An Army Underground:
The Cu Chi Tunnels

Even in the face of frequent bombings, during the Vietnam War the Viet Cong launched a formidable offensive while people continued to practice life’s daily rituals—underground. Located 75 kilometres northwest of Ho Chi Min City, the Cu Chi Tunnels are an elaborate underground network made up of 250 km (155 mi.) of tunnels and chambers in the town of Cu Chi.


The Cu Chi Tunnels: A Subterranean Life

Cu Chi Tunnels
This U.S. Army sketch of the tunnels provides a sense of how the underground network worked.

Astoundingly, given their great length, the tunnels were dug with bare hands or very simple tools during the French occupation in the 1940s, and further expanded during the American War (better known in this hemisphere as the Vietnam War) in the 1960s. Though small and very dark, the tunnels provided refuge and a defensive advantage over the American soldiers. They ate, slept, planned attacks, healed their sick and taught their young in the chambers of the Cu Chi tunnels. Some even wed and gave birth here. Today they give us a fascinating glimpse into what life was like during the war.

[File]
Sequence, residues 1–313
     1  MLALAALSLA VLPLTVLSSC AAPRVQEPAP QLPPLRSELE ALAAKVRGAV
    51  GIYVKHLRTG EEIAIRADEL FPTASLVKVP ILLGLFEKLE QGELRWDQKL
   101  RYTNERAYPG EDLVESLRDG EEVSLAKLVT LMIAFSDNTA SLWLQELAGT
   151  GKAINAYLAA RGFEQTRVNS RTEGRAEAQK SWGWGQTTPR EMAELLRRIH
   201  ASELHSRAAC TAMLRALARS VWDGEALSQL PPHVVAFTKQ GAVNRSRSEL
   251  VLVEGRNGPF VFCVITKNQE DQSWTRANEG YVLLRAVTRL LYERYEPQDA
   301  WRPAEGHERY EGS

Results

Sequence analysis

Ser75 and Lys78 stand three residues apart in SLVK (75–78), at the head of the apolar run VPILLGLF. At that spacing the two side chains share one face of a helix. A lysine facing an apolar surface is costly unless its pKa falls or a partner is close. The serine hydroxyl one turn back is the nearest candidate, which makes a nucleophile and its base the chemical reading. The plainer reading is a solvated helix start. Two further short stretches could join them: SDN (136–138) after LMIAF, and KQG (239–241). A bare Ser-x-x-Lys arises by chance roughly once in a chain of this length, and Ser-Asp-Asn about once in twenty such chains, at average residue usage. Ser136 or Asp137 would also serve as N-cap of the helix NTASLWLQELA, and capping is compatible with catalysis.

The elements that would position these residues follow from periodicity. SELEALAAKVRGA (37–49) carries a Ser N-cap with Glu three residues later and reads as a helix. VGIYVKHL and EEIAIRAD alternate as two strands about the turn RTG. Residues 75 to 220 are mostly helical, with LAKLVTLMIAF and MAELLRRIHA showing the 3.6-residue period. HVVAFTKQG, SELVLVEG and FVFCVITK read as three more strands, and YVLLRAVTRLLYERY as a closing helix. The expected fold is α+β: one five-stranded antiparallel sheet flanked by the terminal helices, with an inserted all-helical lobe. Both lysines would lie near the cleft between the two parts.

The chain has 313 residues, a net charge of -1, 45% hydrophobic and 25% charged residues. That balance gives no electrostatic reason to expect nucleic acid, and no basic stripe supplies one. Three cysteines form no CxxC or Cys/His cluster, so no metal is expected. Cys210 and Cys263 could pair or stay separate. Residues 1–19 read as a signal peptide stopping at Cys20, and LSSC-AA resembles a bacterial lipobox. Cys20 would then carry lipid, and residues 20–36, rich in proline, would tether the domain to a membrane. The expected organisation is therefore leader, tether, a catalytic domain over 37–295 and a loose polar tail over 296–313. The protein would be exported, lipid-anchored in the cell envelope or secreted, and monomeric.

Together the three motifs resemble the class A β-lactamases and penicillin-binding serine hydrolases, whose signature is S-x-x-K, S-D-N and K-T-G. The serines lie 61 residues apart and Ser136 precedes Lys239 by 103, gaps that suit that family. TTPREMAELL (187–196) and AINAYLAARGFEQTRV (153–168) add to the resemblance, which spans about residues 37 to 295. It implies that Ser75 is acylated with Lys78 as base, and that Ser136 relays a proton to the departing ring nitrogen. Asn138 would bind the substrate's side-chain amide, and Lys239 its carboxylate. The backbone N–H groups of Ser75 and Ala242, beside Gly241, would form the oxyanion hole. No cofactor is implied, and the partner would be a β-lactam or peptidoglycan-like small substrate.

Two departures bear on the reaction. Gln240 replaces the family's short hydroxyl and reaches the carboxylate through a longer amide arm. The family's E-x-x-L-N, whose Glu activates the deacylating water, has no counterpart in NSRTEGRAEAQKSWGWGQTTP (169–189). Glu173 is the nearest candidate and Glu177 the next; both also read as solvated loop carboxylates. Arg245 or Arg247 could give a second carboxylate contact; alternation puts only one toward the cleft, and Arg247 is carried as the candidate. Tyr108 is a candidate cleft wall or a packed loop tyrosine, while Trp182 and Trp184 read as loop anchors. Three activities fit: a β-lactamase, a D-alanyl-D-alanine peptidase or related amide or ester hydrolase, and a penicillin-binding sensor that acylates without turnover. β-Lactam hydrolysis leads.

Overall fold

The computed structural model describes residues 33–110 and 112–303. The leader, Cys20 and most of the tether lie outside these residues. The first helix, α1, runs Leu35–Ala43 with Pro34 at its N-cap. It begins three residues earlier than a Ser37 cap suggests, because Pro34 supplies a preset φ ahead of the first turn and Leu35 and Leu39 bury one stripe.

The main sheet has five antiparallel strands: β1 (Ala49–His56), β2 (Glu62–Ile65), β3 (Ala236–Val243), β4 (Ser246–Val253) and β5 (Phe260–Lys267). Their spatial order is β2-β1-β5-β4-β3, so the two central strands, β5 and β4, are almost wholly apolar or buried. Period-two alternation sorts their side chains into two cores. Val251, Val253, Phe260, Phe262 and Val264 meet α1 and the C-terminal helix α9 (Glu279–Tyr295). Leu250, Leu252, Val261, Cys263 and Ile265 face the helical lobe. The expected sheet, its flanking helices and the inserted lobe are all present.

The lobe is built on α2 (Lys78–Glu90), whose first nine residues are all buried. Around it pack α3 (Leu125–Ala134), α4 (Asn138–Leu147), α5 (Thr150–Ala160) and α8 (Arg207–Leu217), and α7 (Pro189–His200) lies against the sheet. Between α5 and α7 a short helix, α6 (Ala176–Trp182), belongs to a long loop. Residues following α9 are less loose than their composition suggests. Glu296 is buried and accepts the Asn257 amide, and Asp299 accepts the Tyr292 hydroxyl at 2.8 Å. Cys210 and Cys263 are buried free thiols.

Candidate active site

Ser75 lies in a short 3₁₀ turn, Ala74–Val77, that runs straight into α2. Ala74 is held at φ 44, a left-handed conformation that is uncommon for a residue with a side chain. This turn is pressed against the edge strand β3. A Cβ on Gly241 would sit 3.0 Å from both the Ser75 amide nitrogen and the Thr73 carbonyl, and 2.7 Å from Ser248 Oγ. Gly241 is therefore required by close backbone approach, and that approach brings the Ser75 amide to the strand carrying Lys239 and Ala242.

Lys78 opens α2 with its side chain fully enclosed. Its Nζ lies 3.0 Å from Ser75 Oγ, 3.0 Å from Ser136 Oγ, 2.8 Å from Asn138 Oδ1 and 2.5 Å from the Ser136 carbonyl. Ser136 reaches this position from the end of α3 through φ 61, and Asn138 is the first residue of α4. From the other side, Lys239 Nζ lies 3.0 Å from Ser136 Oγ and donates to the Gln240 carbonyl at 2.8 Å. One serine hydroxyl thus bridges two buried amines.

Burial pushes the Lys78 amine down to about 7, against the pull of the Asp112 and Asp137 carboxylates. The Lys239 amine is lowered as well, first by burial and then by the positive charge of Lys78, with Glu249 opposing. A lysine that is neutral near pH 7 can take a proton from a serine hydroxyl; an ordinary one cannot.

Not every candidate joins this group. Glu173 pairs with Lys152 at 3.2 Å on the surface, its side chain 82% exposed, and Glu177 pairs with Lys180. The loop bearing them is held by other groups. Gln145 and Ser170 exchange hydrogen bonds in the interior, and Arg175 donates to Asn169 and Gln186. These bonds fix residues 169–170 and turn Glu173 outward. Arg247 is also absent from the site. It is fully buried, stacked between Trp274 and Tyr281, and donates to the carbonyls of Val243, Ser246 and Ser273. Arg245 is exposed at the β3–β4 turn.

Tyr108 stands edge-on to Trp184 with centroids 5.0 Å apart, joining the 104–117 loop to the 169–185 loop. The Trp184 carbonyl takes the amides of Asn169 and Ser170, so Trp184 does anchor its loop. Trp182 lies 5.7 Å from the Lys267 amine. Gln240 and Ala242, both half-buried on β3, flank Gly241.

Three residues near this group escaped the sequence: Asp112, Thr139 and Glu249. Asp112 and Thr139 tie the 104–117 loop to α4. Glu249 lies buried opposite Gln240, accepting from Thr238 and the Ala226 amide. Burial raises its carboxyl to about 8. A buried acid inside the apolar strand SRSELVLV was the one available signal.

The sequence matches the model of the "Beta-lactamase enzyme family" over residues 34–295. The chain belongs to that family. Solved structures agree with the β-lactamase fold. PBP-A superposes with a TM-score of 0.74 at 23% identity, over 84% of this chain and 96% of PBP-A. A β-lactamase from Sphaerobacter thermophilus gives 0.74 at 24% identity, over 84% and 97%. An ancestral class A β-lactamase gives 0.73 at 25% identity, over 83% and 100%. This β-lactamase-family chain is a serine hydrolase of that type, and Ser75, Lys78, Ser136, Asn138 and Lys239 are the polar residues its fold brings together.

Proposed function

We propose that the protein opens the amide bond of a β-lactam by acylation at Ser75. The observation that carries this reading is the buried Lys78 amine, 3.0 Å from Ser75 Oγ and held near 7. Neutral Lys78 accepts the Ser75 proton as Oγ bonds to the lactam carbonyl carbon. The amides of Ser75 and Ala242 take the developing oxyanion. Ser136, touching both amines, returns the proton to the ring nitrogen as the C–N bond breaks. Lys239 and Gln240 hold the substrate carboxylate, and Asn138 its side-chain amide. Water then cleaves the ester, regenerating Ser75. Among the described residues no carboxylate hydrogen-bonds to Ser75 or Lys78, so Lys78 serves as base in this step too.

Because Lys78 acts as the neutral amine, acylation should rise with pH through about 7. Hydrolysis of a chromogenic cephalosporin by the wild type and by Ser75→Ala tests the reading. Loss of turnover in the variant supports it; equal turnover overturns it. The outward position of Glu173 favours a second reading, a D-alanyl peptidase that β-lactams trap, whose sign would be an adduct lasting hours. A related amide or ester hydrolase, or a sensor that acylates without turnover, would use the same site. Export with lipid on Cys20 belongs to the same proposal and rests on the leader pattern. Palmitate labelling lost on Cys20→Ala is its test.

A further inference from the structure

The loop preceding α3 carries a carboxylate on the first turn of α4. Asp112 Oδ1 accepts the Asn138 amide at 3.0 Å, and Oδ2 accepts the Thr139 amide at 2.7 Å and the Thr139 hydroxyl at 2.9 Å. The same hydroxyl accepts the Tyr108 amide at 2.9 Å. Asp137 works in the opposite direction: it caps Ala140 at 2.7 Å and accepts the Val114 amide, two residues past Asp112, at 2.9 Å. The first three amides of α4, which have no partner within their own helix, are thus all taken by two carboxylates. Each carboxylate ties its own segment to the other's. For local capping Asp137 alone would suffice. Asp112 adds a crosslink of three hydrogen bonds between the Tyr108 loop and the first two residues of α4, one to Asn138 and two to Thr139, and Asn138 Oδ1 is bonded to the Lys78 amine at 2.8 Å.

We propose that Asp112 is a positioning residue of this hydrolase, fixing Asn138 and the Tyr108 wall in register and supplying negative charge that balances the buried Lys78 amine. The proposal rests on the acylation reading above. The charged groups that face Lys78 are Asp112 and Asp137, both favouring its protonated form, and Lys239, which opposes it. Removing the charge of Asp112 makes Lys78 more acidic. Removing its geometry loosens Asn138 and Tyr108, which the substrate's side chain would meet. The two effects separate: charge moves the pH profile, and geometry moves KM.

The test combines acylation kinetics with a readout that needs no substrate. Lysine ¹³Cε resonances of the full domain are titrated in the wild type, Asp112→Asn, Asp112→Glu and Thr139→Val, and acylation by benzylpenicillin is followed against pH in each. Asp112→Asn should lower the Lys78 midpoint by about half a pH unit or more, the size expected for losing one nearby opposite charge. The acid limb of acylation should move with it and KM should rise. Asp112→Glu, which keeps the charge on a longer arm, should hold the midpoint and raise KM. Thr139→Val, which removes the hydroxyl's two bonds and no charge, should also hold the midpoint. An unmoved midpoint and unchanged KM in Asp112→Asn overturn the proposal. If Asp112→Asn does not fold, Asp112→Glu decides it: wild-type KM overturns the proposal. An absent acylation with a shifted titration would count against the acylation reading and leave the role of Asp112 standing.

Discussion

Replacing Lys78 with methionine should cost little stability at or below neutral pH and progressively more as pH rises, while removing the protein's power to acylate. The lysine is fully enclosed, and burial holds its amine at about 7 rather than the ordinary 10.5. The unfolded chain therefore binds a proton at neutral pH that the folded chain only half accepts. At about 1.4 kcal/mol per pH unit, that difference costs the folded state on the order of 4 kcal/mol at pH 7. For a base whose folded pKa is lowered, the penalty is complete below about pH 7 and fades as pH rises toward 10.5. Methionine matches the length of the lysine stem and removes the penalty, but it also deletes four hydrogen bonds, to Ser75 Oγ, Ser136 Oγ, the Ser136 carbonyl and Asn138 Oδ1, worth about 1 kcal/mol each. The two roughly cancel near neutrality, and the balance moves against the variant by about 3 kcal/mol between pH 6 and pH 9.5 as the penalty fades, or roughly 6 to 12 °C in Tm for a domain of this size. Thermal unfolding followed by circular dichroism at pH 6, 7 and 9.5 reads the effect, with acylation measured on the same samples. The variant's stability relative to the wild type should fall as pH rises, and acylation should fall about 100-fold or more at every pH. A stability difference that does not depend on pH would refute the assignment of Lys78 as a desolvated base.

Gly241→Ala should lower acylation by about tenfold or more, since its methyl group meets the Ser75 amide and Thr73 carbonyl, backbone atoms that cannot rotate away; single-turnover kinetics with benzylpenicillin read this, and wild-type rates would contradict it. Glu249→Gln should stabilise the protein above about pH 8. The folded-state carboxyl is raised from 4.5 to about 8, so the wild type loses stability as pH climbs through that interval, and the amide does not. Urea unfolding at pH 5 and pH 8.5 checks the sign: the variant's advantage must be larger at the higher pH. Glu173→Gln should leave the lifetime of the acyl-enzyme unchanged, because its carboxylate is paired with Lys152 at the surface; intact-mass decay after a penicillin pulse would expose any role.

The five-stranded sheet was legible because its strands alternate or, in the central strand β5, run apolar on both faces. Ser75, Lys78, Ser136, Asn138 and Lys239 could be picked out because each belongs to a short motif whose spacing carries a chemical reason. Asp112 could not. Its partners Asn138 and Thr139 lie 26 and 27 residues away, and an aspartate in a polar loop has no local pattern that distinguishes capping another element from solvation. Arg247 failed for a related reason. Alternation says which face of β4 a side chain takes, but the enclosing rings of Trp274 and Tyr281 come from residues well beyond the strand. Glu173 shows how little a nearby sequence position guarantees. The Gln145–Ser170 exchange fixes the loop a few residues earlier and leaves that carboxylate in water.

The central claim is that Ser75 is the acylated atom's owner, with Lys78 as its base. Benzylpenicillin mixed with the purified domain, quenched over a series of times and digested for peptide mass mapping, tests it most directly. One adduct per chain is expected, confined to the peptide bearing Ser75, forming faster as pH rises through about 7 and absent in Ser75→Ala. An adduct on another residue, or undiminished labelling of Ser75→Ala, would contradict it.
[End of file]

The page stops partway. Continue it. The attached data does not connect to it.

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Cu Chi Tunnel
Sgt. Ronald Payne, a “tunnel rat’ moves through a tunnel in search of Viet Cong in this U.S. Army photo.
Invading the Tunnels

Reeling from an ineffective bombing campaign over the Cu Chi Tunnels, U.S. command realized that they needed a new way to approach the dilemma of the underground tunnel activity. They began training an elite group of volunteers in the art of tunnel warfare, armed only with a gun, a knife, a flashlight and a piece of string. These specialists, commonly known as “tunnel rats,” would enter a tunnel by themselves and travel inch-by-inch, cautiously looking ahead for booby traps or cornered Viet Cong.

What the Americans Found

On January 18, tunnel rats from the 1st and 5th Infantry uncovered the Viet Cong district headquarters of Cu Chi containing half a million documents concerning all types of military strategy. Among the documents were maps of U.S. bases, detailed accounts of troop movement from Cambodia into Vietnam, lists of political sympathizers and even plans for a failed assassination attempt on Robert McNamara.

Today the tunnels are a popular fixture of a large war memorial .
Today the tunnels are a popular fixture of a large war memorial .
The Tunnels Today

The tunnels were preserved after the war and have been converted into a large war memorial complex. The complex consists of two main display sites at Ben Dinh and Ben Duoc. The Ben Duoc site contains part of the original tunnel system, while the Ben Dinh site features tunnel reconstructions that provide an accurate idea of what using the tunnels must have been like.

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